Sunday, May 19

UCLA community meets with task force created in wake of June 1 shooting

UCLA officials held a forum Wednesday for community members to voice their concerns and recommendations to a task force created following the June 1 murder-suicide on campus.

About 150 people, mostly faculty and staff, attended the hour-long meeting.

The 26-member Campus Safety Task Force was organized to assess UCLA’s current emergency systems with an emphasis on improving future response, said Stephen Yeazell, the task force chair and a professor at the UCLA School of Law. The team has met six times this summer, with the most recent meeting taking place immediately after the open forum.

Public comments Wednesday focused on training and information as two key components in handling crises like an active shooter situation. Multiple speakers reiterated that there were vague and conflicting messages sent out through BruinAlert. They asked for the task force to recommend that BruinAlerts be sent more frequently and with more detail in the event of an emergency.

Others spoke to the effectiveness of active shooter trainings offered earlier this spring that they either took part in or required their staffs to participate in earlier this spring. Many advocated for UCLA to either “strongly encourage” or require such trainings for staff and faculty.

The task force will complete its recommendations to Chancellor Gene Block within the next couple of weeks, Yeazell said.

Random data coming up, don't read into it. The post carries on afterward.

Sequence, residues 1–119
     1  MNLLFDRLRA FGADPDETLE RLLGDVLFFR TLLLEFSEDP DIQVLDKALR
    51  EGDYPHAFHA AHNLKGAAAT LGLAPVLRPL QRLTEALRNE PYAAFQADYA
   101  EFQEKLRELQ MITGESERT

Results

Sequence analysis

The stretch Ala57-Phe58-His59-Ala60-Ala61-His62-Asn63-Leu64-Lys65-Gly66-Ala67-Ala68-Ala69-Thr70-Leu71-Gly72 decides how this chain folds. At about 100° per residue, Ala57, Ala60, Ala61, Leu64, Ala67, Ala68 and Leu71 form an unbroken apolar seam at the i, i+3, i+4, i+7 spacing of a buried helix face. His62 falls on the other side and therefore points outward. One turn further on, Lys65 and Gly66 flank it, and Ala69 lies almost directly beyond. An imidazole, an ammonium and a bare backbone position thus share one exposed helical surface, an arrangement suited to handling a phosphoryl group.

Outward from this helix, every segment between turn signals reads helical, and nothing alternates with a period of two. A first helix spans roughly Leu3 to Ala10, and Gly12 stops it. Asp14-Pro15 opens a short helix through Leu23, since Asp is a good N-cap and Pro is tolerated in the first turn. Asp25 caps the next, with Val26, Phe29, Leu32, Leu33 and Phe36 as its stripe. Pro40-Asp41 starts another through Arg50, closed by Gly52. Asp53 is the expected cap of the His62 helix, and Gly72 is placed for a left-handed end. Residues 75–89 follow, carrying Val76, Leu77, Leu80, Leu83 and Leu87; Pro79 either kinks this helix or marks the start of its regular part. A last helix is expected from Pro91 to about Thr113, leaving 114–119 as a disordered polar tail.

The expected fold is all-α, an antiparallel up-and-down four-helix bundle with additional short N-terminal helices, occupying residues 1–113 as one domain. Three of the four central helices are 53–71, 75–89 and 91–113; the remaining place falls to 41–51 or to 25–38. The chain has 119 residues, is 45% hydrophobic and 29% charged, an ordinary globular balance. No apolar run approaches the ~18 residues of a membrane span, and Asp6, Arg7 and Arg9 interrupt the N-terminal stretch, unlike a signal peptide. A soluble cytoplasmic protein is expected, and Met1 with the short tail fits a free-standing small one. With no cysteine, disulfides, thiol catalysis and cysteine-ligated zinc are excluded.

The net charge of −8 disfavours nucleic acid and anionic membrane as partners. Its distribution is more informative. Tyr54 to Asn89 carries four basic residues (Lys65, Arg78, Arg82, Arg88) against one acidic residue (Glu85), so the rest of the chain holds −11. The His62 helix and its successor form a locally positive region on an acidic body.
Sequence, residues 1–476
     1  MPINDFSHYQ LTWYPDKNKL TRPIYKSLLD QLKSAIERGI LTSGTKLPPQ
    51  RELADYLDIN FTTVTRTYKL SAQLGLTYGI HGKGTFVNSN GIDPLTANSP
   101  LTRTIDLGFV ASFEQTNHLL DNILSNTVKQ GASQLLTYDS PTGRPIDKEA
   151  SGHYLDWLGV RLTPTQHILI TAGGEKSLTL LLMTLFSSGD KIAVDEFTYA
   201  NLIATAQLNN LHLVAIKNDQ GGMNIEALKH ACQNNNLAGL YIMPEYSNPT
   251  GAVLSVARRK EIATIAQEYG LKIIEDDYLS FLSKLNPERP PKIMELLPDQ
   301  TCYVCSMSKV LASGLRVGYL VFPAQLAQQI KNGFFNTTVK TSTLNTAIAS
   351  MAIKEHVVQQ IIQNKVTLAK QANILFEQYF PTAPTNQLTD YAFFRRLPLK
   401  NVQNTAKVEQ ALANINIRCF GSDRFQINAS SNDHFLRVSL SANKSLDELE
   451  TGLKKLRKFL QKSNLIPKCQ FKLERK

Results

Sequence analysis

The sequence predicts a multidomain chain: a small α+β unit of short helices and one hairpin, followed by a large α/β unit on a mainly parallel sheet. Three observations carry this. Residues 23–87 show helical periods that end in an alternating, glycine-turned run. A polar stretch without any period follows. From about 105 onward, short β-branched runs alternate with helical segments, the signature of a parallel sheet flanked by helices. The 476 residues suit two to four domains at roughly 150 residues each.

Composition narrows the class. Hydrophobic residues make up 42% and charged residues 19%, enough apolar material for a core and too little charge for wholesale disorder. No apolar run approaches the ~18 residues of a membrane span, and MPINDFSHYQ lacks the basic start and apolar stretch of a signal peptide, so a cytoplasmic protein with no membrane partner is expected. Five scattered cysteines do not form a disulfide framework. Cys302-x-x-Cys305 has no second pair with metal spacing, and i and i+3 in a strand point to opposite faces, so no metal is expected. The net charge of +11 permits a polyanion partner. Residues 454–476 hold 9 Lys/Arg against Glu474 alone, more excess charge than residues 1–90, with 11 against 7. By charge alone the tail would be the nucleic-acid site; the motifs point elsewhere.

Draft recommendations the task force have considered include requiring emergency training sessions for faculty and staff, according to earlier meeting minutes. Some initial recommendations also include making BruinAlert into an opt-out system that would require cell phone numbers, rather than only email. Another was the possibility of a remote control lock system.

The public meeting was held close to the mid-September recommendation deadline so that it could supplement feedback from earlier emails and questionnaires, said Administrative Vice Chancellor Michael Beck. He added he thinks the session was valuable because it helped provide more nuanced information than online sources could.

“It reassures us that the analysis the task force has undertaken is on target with the consensus of the concerns that people have in this room,” Beck said.

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Alumni director

Walters is the Alumni director. He was editor in chief in 2016-17. Previously, he was an assistant editor in the Sports Department and has covered men's soccer, men's volleyball and men's water polo.

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